Can a True-Cost Model Save Your Hospital?

Karen Minich-Pourshadi, for HealthLeaders Media , February 13, 2012

I spoke with Selivanoff while researching a story about PBC in this month's HealthLeaders magazine. Selivanoff has written extensively on the topic and helped implement it at Catholic Health Initiatives hospitals prior to joining St. Helena. He is putting this cost system in place across the three campuses of his organization.

Selivanoff defines PBC as a type of cost accounting that offers CFOs a tool to better understand the resources consumed by tracking all resources used in providing the organization's products and services. It tracks direct costs and allocates indirect costs of processes and services.

Overhead is spread across all billable services without regard to the relationship of the overhead within a specific procedure. Process costing is used to ascertain the cost of a product at each stage of the process.

I can already hear CFOs objecting: "This is full cost accounting; is she nuts? That's hugely time-consuming."

Indeed, PBC and similar variations of this model do require every resource in a service to be manually tallied and updated annually, including the quantity of labor, frequency, supplies used, and unit cost. So, yes, it's a large undertaking. But it is worthwhile.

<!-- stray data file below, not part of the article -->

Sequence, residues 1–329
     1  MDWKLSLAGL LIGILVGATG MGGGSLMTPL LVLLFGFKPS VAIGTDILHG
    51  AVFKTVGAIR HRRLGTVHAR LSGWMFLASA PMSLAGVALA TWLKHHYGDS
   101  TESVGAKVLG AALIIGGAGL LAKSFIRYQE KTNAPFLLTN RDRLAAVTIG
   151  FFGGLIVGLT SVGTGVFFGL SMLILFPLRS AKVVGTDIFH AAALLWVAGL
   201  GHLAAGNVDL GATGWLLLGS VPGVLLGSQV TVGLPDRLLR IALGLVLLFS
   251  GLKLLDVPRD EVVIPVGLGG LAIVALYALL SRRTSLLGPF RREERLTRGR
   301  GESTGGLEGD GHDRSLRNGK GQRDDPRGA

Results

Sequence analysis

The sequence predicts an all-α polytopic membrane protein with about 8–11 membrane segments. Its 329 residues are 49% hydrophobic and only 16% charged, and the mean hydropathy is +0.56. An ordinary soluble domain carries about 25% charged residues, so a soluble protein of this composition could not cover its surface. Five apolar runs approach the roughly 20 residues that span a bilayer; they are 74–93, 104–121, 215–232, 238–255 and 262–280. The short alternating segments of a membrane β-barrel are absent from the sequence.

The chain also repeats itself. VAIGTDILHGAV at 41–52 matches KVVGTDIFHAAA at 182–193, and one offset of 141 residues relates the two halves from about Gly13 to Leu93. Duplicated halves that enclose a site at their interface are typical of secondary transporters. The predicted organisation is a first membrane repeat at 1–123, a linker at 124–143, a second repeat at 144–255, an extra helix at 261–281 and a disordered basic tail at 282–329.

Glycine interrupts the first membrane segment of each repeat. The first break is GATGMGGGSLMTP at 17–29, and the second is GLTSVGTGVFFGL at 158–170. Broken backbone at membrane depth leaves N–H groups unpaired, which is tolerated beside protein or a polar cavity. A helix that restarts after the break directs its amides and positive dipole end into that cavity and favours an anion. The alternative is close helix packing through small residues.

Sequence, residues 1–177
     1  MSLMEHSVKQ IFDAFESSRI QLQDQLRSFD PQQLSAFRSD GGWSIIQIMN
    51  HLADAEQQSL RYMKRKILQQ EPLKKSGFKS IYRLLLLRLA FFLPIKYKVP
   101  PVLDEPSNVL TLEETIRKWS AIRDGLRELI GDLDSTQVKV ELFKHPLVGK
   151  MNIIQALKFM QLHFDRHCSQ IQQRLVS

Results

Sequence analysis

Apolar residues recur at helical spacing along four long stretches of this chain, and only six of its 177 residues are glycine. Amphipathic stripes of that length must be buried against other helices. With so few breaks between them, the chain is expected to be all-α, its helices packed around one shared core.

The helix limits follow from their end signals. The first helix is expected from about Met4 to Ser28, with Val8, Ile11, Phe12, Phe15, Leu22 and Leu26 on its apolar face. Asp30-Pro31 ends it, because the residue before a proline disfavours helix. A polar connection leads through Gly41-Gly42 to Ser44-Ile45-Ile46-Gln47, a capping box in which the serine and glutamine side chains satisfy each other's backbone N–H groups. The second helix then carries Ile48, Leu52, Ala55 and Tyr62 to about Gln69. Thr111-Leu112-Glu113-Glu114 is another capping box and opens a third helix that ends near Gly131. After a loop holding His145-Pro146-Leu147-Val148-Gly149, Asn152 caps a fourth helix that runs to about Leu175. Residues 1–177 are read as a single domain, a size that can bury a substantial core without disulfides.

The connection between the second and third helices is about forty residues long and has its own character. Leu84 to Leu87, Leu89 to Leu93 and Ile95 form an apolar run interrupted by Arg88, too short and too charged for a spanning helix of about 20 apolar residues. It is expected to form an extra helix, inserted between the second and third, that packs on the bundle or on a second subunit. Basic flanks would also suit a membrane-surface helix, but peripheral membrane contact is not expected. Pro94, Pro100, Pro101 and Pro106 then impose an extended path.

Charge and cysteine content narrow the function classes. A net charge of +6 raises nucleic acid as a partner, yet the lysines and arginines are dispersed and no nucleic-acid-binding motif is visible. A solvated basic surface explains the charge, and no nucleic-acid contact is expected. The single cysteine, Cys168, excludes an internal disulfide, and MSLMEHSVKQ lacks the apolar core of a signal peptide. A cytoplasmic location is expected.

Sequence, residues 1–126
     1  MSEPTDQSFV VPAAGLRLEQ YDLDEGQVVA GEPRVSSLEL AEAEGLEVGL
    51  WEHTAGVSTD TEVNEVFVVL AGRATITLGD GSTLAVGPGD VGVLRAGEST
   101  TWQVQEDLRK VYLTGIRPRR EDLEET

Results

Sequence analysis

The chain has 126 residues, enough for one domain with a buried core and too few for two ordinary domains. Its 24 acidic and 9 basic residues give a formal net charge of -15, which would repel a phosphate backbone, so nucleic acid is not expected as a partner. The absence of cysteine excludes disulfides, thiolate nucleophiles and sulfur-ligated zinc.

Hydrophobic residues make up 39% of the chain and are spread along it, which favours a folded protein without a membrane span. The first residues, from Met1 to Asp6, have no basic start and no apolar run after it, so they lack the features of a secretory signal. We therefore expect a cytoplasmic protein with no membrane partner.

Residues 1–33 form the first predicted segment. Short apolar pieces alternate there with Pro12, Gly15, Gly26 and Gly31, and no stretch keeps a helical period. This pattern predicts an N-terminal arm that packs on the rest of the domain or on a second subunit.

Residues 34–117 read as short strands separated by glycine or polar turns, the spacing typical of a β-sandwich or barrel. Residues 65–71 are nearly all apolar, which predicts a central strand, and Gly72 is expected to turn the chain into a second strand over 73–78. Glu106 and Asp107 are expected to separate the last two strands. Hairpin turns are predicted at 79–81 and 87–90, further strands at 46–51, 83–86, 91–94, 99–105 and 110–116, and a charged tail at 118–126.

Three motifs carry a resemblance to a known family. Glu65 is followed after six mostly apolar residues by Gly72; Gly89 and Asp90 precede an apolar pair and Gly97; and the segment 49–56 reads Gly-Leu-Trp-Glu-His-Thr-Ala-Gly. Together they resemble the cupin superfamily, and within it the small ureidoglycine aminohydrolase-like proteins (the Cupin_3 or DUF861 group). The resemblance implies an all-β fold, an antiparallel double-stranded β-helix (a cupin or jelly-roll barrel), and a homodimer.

Keep in mind that healthcare reform will have a big impact on your hospital costing systems regardless of whether you change or not (though not doing so could prove detrimental over time).

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1 comments on "Can a True-Cost Model Save Your Hospital?"

John Doub (2/14/2012 at 11:02 AM)
Agreed 100%. When I was in private industry manufacturing products, we tracked total materials and labor for every product we built, applied overhead, and knew exactly what our cost was. At my hospital they have a cost model that is probably not close to reality. Also performance, outcomes, and profitability of physicians must be part of the score card. Unfortunately in healthcare, we can't just raise the price to increase margins, so knowing the true cost and chipping away at multiple products to decrease cost is the only viable alternative. Great article and well timed.




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